Jennifer Bonine: Wow. Interesting. Very cool. Then, that piece, if someone wasn't at your talk today and wants those seven steps or the keys, just standing up a new testing organization, they're out there going, "Gosh. I really need that," how do they get a hold of you to get information like that?
Greg Paskal: Well, that's a great question. Obviously, the PowerPoint presentation should be available for download, I'm assuming, at STAR at some point. I'll also publish that on a couple of my websites.
Jennifer Bonine: Oh, good.
Greg Paskal: I have two of them that you can go to. One of them is called metstesting.com, and from there you'll learn about the METS process, which is a great place to begin thinking about your manual test strategy. That manual test strategy is built in the idea that all test cases can be prioritized from critical, high, medium, and low. It literally started when I was in my very first QA role, and I needed to just do testing in the day in the life of a tester. Out of it came this process which now is actually recognized by ASTQB and taught in their curriculum, and I did a session for them last year, and I've taught here at STAR a number of times.
The other website is called realworldtesting… Excuse me. Yeah. Oh, I'm going to mix it up here, guys: Test Automation in the Real World, or realworldtestautomation.com is actually the URL, and it supplements my book that's called Real World ... I'm going to goof this up, guys. I know. I'll get it here in a minute, so we'll just come back to that. Test Automation in the Real World. That's the name of the book. Anyway, that site will also contain links to these and tools that will help you as you're considering your automation efforts.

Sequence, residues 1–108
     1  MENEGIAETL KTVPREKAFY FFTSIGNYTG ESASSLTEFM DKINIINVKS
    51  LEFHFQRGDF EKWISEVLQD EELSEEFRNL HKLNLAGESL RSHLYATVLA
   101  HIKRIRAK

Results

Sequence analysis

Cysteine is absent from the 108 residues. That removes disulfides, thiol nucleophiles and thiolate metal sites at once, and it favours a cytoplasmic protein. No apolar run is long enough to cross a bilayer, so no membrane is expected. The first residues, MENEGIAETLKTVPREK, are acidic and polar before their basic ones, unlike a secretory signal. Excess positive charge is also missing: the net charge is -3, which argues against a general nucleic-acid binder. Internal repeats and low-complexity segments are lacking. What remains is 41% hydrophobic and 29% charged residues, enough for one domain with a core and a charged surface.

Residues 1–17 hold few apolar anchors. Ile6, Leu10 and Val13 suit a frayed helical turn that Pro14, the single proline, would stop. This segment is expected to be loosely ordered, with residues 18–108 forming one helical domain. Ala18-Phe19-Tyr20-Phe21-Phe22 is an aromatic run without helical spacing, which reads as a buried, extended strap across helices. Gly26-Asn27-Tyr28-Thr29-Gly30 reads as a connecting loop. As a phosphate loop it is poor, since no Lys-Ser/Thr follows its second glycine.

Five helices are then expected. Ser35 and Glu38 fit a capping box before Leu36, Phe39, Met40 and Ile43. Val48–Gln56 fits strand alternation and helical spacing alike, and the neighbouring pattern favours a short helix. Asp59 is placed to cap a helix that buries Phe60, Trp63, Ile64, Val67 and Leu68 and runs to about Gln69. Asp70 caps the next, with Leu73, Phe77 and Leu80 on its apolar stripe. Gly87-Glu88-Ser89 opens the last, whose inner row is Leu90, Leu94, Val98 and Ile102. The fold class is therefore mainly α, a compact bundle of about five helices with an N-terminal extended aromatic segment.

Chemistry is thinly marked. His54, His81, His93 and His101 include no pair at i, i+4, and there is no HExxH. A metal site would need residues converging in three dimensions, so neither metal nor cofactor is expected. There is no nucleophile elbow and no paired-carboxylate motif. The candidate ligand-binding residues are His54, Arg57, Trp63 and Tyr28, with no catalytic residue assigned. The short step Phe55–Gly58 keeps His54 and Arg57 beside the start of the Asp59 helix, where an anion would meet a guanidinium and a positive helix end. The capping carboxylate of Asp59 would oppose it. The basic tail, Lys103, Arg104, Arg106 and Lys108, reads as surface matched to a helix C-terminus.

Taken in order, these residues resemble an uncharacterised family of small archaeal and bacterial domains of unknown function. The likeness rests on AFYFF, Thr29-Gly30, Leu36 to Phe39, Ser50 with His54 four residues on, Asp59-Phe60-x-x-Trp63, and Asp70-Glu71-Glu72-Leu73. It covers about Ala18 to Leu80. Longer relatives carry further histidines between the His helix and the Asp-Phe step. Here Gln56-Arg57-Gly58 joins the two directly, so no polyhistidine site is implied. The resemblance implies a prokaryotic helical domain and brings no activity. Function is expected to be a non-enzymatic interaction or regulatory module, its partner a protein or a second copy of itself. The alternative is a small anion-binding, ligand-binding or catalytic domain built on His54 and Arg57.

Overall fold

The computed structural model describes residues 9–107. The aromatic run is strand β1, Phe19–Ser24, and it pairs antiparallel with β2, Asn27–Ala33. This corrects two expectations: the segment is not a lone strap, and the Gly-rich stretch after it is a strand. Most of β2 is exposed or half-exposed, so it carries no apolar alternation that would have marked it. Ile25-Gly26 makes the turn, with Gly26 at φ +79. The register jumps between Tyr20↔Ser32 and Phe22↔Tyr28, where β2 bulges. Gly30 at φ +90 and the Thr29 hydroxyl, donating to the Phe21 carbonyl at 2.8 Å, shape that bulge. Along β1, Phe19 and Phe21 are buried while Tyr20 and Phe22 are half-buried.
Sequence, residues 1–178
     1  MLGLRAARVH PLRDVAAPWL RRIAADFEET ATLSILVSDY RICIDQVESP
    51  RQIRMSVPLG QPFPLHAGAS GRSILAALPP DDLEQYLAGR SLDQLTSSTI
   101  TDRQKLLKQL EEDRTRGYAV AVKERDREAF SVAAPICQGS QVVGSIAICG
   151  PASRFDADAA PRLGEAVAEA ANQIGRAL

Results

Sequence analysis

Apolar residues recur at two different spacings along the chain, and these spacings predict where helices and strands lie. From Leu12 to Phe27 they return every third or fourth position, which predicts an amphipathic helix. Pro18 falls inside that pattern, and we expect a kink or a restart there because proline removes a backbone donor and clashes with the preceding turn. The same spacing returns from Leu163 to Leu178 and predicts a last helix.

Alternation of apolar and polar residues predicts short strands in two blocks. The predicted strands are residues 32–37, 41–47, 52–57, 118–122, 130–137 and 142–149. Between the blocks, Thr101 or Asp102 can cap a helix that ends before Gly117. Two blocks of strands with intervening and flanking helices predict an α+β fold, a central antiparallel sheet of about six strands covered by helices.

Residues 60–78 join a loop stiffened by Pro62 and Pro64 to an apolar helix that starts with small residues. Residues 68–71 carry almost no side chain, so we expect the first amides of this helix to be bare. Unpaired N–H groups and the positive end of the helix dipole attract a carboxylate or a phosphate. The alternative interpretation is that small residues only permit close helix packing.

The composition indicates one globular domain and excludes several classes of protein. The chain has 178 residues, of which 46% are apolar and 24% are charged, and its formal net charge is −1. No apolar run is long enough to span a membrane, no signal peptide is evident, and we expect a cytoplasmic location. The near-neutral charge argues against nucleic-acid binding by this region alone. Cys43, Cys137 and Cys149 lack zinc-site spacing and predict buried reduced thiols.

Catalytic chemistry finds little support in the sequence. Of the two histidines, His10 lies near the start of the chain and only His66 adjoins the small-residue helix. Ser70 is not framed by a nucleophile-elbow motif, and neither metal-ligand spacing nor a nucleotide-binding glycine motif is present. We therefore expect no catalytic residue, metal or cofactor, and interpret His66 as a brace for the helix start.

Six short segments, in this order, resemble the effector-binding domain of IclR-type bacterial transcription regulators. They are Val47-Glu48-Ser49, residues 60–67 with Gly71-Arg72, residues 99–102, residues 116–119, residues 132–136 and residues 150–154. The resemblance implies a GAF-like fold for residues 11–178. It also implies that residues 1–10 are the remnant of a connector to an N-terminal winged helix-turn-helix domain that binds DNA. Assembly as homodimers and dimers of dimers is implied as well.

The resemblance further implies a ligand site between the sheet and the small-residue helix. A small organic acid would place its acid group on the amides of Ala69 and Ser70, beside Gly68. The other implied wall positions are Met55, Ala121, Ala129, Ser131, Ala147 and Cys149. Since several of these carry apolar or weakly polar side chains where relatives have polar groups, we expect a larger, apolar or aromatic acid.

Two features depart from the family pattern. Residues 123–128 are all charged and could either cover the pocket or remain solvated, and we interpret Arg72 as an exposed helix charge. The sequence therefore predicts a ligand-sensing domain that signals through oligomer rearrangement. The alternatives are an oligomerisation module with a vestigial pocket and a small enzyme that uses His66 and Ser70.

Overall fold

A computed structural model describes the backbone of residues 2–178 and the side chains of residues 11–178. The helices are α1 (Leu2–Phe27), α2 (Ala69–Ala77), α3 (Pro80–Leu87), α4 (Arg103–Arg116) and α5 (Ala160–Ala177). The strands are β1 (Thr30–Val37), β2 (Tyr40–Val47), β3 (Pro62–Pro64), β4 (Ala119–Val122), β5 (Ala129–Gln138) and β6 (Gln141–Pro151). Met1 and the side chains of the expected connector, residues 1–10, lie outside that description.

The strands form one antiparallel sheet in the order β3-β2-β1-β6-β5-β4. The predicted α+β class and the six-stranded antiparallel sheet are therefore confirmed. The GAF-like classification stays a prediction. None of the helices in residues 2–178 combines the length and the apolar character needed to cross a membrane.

Anyway, that's basically the talk. However, that process of building your manual test strategy and then how do you know when's the time to blend it in, and how do you begin to do that? This gives you some tips on how to take METS and let it lead you into some of the first things you should begin to automate.
Jennifer Bonine: Nice. Wow. Great tips out there for folks who are thinking about standing up that organization. Then, since we last talked, obviously you mentioned it, but you wrote a book on Test Automation in the Real World.
Greg Paskal: That's it. Yeah.
Jennifer Bonine: I'll get it for you.
Greg Paskal: Sure.
Jennifer Bonine: Then, where can people get that? Is it ...
Greg Paskal: It's available on Amazon.
Jennifer Bonine: Of course. Amazon has it ...
Greg Paskal: They have it.
Jennifer Bonine: ... so they can go there if they're interested in finding out more about that.
Greg Paskal: Yes. That's a great place to get it. You can get the ebook there, and you can also get the paperback version, which is brand new. I probably got that in place. I had a lot of people asking for that.
What was really great about writing this book is, actually, I've been automating since the ‘80s, if you can believe that. The first system I automated on was a Mac II, if you can believe that. Way back. I wanted to encapsulate a lot of the things I've learned that have led to successful automation along that way including my journey through the HP tools for the last fifteen, sixteen years. Some of the things I'm learning into the millennium and well, it's ironic that, regardless of these tools, the same problems exist. You're always finding synchronization problems and object identification. You have to have great test management in place and reporting, all of those things. I covered some of those in my book, and I think it's a great place to start.